Real anger in the Commons during the statement on John Worboys this afternoon. Zac Goldsmith told the new Justice Secretary that “until the Parole Board publicly explains the rationale behind the decision it took, people can’t possibly have confidence in our criminal justice system”. David Gauke replied that he will look at changing the rules to allow this to happen retrospectively for the Worboys case. It’s crucial that the Ministry of Justice get a move on here. The Parole Board must surely explain how they came to this decision before Worboys is released, otherwise how can the public possibly be safe?
Justice Secretary David Gauke jumps straight into his new job with a statement on John Worboys at 1:15pm. Over the weekend we learned that the Parole Board was considering publishing a rationale of its decision to release Worboys, though nothing has been forthcoming. This seems an obvious opportunity for Gauke to take the initiative and put some pressure on the Parole Board. As Patrick O’Flynn astutely points out, the Worboys story is of far greater interest to the public than the disastrous reshuffle currently grabbing the headlines. And so far Richard Burgon has been doing better than the government with his response…
Just a hunch but I reckon the only story to have cut through with most people so far this year is the Worboys fiasco. Growing feeling justice system is in a mess and gone soft. Open goal for someone.
— Patrick O’Flynn (@oflynnmep) January 9, 2018
Gauke has an obvious opportunity to win a positive headline, help reassure the public and victims and get the Parole Board to do the right thing and explain its decision. No brainer, right…
— RT UK (@RTUKnews) November 24, 2017
“Go spout Putin’s propaganda,” David Gauke tells RT as he explains no reputable politician would go on their programmes. Just John McDonnell.
This time last year the Treasury admitted child benefit was exported to 30,000 children in other EU countries in 2014-2015. If you ask for this year’s numbers however, they aren’t keen to spill the beans…
Ministers have refused to answer FIVE parliamentary questions on the cost of sending child benefit to other EU member states. Leave MPs William Wragg and Anne-Marie Trevelyan have tried to get answers, only to be told that providing a response would cause “disproportionate cost” to the taxpayer. Which is odd since Treasury minister David Gauke admitted in 2012 that the data on the number of claimants “is available from a database maintained by HM Revenue and Customs”. These figures were released without a fuss when requested by MPs in previous years. Yet updating us with the latest numbers is coincidentally now judged to be too expensive. Almost as if the Treasury is holding the numbers back until June 24…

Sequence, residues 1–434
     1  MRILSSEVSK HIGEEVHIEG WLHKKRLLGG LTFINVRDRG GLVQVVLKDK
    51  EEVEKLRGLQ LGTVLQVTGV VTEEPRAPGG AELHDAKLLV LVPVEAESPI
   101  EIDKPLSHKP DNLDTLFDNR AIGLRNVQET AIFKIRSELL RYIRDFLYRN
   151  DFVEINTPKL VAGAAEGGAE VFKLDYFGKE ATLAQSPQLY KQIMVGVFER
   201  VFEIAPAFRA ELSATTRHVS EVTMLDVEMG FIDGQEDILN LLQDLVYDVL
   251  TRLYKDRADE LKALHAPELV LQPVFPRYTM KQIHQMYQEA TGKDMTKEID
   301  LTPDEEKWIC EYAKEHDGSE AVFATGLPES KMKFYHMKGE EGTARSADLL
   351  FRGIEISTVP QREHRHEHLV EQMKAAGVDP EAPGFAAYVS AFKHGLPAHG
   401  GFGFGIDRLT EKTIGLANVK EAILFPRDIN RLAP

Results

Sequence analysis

“We believe that we can tackle the deficit by halting the tax cuts to corporations,” says Labour’s new Shadow Chancellor John McDonnell. So Guido is not sure what he is going to make of his party supporting the Tories’ corporation tax cut in the Finance Bill debate last night. In a curious exchange between Treasury minister David Gauke and his shadow Barbara Keeley, Labour strangely backed the move:
Barbara Keeley: “Labour is in favour of support for businesses, which is what we need to discuss as we consider the clause. We want to help British businesses to invest in the UK and to enable long-term investment. We will support the corporation tax measures…”
David Gauke: “I begin by welcoming the support of the hon. Member for Worsley and Eccles South for the reduction in corporation tax… I certainly give way to the hon. Lady, who can confirm her party’s and, indeed, the shadow Chancellor’s support for this measure.”
Barbara Keeley: “I do not think it would be my place to confirm the shadow Chancellor’s support for the measure…”
David Gauke: “I note that the hon. Lady said that although she is able to make a statement about party policy as the Labour party Front Bencher in this Committee, neither the leader of her party nor the shadow Chancellor are in a position to do so. If that is the way the Labour party operates, that is one for that party, curious though it might be to the rest of us.”
The question of “Rate of corporation tax for financial years 2017-2020” – i.e. to be cut to 18% – was then put and agreed to.
Wonder what McDonnell makes of that!
Far be it from Guido to suggest that some Ministers of the Crown are struggling to motivate themselves on this quiet August morning:
“Do not approach this man…”